Saturday, 16 February 2019
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Measures Capital Flow into U.S. Denominated Assets. Summarizes the flow of stocks, bonds and money market funds to and from the United States. The headline figure is the difference in value between American purchases of foreign securities and foreign purchases of American securities, expressed in millions of dollars. The Treasury International Capital or TIC statement is a major component of the American capital account and gives valuable insight into foreign demand for American investments and dollar.
A positive figure indicates that more capital is entering the US than leaving as sales of American securities to foreigners exceed American purchases of foreign securities. Such positive figures suggest that American security markets are competitive with those of other countries. Foreign security purchases are especially important in the case of a trade deficit, as a positive figure can offset the depreciating effect of a trade shortfall. On the contrary, a negative or declining TICS figure reflects a declining capital flow picture. Outflows are indicative of weaker demand for US assets which puts downward pressure on the value of the dollar.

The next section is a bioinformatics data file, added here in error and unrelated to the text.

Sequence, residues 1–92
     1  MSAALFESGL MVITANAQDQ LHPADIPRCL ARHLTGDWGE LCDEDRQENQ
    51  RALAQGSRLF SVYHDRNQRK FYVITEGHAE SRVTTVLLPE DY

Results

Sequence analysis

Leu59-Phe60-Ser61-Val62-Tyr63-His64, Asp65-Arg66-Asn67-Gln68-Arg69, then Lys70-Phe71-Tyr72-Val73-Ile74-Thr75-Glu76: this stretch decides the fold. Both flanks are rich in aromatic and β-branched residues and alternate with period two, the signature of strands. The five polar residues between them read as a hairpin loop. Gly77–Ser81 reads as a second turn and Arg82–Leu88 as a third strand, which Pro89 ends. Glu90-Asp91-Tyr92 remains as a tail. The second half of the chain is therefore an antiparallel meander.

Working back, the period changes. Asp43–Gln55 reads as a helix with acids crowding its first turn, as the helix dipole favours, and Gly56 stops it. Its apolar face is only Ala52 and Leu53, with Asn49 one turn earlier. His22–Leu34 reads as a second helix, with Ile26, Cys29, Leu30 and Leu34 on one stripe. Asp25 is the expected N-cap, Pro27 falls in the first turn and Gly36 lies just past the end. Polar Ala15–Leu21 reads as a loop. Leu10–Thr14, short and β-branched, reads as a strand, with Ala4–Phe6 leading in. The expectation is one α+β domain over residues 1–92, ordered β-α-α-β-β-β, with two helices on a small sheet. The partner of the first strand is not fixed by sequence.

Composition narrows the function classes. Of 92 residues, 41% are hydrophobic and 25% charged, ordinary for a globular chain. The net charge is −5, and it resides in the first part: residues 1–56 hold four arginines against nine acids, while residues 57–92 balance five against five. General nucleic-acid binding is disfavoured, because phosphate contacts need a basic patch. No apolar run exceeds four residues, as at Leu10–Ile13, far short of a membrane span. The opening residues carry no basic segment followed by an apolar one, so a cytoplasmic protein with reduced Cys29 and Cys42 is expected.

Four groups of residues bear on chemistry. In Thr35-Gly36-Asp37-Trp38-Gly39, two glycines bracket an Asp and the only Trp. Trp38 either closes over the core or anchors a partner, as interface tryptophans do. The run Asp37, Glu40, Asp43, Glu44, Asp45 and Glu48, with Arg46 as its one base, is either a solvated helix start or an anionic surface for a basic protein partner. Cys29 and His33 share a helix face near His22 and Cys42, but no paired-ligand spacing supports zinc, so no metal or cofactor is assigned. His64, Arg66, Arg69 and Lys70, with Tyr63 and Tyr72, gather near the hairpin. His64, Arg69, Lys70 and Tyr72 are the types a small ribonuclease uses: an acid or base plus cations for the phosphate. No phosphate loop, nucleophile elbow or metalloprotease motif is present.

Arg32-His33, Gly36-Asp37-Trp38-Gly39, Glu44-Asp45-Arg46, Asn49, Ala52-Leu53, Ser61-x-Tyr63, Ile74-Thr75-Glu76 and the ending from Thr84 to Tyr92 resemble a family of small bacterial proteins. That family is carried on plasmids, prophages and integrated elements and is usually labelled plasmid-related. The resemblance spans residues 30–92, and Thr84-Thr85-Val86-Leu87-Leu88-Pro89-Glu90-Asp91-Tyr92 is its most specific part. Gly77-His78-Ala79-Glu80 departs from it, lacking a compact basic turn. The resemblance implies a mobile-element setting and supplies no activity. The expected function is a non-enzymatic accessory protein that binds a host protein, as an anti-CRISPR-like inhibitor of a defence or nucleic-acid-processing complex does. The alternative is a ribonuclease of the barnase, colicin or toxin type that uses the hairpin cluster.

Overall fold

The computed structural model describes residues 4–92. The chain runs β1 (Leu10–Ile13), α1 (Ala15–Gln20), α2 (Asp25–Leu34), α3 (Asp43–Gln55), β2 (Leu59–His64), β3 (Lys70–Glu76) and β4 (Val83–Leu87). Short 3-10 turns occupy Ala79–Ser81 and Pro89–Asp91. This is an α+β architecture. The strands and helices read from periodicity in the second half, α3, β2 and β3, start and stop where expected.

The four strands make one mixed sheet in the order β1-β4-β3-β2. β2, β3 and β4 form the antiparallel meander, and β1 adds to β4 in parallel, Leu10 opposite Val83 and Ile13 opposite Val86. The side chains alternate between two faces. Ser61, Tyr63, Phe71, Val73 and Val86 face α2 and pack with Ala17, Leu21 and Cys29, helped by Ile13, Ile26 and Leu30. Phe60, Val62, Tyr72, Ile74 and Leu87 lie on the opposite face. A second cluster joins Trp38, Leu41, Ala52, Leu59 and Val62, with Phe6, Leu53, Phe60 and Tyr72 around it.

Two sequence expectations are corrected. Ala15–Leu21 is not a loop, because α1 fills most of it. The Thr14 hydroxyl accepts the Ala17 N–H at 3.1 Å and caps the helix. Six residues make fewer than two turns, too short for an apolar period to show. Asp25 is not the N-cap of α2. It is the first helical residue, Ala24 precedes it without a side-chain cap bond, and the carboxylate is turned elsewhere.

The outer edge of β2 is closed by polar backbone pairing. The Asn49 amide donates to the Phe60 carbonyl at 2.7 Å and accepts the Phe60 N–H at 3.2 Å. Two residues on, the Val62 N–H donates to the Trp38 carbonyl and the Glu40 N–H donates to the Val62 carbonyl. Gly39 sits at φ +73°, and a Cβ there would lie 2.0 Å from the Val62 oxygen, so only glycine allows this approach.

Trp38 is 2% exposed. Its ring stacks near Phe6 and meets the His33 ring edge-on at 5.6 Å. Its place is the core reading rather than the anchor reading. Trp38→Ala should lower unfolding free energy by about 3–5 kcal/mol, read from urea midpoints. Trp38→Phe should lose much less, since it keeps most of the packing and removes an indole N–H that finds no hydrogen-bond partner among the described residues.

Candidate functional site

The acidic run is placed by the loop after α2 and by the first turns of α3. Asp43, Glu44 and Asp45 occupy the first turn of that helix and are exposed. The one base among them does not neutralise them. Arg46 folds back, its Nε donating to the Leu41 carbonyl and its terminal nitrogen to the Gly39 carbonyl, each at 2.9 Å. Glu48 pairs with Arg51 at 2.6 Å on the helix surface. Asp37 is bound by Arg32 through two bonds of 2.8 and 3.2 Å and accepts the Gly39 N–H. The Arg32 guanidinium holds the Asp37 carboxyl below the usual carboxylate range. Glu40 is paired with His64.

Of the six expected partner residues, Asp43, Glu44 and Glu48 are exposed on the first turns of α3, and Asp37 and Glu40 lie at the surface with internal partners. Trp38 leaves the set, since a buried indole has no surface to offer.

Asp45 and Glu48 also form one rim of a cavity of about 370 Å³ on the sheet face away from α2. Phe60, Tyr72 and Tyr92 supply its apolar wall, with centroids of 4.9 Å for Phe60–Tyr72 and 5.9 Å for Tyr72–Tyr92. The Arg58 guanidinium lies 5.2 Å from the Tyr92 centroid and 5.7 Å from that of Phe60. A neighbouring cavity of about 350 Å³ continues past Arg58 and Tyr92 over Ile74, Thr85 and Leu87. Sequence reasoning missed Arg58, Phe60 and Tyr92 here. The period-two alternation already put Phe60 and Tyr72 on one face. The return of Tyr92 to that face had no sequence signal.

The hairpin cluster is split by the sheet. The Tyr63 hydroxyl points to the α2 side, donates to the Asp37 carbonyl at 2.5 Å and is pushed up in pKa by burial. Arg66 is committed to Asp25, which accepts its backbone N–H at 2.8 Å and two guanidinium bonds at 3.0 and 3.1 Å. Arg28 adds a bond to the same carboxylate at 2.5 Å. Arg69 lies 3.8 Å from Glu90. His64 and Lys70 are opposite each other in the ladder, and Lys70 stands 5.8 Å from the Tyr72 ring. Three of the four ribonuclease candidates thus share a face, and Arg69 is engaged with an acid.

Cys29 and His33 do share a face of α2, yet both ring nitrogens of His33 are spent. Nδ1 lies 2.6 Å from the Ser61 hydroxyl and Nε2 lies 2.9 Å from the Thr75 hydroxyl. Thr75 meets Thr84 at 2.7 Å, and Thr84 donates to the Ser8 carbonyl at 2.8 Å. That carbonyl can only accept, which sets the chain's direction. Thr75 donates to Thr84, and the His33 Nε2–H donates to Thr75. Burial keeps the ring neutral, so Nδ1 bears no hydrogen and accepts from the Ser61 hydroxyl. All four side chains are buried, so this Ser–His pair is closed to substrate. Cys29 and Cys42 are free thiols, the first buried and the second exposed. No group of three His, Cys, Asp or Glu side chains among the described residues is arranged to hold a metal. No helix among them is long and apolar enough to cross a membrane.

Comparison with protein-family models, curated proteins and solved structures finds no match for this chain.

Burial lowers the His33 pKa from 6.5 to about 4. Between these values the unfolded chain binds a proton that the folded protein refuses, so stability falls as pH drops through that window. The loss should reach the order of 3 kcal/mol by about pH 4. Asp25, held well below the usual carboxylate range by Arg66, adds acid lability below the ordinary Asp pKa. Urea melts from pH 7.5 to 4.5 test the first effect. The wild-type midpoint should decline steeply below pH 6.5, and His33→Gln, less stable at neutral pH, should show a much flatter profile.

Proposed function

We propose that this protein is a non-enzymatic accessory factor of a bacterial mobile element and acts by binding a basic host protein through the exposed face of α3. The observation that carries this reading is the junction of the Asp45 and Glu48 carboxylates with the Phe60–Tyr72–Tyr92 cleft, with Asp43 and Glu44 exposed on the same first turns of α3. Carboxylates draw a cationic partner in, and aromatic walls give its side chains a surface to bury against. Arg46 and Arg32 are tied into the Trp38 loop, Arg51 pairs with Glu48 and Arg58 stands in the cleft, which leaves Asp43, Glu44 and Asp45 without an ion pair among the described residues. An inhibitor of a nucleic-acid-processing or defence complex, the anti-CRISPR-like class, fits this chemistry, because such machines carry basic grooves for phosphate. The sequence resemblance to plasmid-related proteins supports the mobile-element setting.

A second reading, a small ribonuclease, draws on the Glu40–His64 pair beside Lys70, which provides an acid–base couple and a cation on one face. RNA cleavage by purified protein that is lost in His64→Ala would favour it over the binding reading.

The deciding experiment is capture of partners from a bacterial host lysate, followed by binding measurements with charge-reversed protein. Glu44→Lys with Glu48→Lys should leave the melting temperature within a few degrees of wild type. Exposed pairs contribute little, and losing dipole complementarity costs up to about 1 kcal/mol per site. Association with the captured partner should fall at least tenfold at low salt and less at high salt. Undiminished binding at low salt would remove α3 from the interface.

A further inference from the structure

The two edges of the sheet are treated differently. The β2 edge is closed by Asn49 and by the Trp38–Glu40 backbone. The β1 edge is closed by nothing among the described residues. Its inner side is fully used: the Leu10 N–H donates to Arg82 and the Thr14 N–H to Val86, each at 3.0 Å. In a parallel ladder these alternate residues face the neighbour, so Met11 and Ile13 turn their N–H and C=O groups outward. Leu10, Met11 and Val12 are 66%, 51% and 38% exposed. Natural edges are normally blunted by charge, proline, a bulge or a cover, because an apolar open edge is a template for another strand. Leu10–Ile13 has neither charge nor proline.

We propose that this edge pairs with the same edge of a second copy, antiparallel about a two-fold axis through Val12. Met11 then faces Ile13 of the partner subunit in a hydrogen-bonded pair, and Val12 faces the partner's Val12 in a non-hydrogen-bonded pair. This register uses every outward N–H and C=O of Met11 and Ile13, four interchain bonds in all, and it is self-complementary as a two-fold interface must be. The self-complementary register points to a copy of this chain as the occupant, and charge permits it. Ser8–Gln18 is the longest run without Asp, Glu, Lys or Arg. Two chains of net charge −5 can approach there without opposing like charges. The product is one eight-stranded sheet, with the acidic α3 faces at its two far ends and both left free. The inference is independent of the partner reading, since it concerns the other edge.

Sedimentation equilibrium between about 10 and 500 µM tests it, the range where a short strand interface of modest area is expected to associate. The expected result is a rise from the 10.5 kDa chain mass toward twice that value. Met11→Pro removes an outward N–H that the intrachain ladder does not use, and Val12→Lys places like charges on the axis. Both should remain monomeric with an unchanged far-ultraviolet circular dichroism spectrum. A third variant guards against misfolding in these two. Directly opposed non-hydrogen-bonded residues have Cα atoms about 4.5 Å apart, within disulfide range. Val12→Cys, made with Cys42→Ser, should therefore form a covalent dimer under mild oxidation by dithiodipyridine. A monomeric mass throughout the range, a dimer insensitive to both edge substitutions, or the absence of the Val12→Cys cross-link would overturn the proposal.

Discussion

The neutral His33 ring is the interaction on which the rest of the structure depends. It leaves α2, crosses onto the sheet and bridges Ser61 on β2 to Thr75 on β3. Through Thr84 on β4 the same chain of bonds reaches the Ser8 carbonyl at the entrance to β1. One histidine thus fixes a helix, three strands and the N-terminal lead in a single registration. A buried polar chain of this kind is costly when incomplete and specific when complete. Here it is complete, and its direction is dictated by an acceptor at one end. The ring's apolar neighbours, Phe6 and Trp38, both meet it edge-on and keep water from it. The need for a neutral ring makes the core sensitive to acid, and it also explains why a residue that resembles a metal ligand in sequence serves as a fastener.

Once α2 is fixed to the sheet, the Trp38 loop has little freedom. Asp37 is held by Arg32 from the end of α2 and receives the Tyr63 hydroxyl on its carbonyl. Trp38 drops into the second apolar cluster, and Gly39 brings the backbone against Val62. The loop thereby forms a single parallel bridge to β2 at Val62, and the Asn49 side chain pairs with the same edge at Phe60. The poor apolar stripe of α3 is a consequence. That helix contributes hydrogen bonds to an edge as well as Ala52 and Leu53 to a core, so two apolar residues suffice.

A key feature of the TIC data is its measurement of the types of investors the dollar has; governments and private investors. Usually, a strong government holding of dollar denominated assets signals growing dollar optimism as it shows that governments are confident in the stability of the US dollar. Most importantly seems to be the purchases of Asian central banks such as that of Japan and China. Waning demand by these two behemoth US Treasury holders could be bearish for the US dollar. As for absolute amount of foreign purchases, the market generally likes to see purchases be much stronger than the funding needs of that same month's trade deficit. If it is not, it signals that there is not enough dollars coming in to match dollar going out of the country.